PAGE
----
Well in Seoul, they have now opened an official LINE store with shelves and display cabinets rammed with LINE paraphernalia. Mouse-mats, mugs, dolls, key-rings, fridge magnets, notebooks, you name it.

The store was heaving. Shoppers jostling elbow to elbow to fill their baskets. And yet look around you at people tapping away on their smartphones and there's hardly any Korean people who use the LINE app to chat with their friends and colleagues. Unbelievable I know but almost every single customer in that LINE shop was Thai. Isn't that incredible!

My wife spends a lot of time on the popular Thai discussion forum pantip.com. There are large sections of the website devoted to travel, particularly Japan and Korea. Thais share travel tips online and help each other out with advice on what to see and do, etc. However, most Thai travellers do Korea as part of an organised tour group. What's really amazing is just how cheap they get it for.

According to my wife, tour packages from Thailand usually include the return flight with Air Asia or a similar low-cost airline AND several nights at a decent, centrally-located three-star hotel. Not only that, they will also have a busy schedule of organised coach trips. And the whole package can be cost as low as 10,000 baht per person! (a little over 300 U.S dollars) No wonder there are so many Thais there.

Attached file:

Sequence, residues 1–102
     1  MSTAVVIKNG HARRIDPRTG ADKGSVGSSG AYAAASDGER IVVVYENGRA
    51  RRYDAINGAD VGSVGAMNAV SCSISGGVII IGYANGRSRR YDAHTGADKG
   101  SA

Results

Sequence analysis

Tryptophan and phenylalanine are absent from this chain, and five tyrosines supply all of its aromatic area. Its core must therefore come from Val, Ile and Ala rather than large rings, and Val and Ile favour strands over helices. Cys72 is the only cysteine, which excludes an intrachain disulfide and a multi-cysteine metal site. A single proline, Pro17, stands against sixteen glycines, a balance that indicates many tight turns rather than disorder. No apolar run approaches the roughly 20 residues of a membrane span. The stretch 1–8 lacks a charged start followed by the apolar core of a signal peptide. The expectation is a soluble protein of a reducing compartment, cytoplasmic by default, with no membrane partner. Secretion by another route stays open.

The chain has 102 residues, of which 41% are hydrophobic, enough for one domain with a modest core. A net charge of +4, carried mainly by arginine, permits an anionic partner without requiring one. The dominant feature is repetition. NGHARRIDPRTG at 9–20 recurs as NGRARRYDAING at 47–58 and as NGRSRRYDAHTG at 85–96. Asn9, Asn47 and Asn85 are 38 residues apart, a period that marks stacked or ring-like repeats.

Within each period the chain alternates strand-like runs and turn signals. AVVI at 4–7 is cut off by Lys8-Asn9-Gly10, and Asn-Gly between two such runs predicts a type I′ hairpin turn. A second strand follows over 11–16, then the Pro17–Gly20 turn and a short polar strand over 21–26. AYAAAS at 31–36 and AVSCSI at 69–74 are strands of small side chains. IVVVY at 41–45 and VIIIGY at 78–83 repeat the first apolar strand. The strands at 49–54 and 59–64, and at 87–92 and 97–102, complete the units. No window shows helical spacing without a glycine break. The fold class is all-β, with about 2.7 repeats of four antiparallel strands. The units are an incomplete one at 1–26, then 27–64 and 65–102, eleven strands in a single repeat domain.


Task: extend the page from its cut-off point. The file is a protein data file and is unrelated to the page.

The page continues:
As you would expect, there isn't a great deal of profit for the tour operators in these packages so everything has to be done rather 'on the cheap'.

I learned that for Thai package travellers, one of the half-day coach trips includes a stop-off at a Korean strawberry farm (December and January is the height of the Korean strawberry season) where Thai tourists are encouraged to wander around the fields looking at strawberries (no, it isn't my idea of fun on a freezing cold day either)

But here are the rules! You are allowed to eat THREE strawberries and three strawberries only. I don't know what punishment or fine is dished out for those who scoff a sneaky fourth when the farmer's back is turned but three is the maximum. Oh the joys of package tour travel!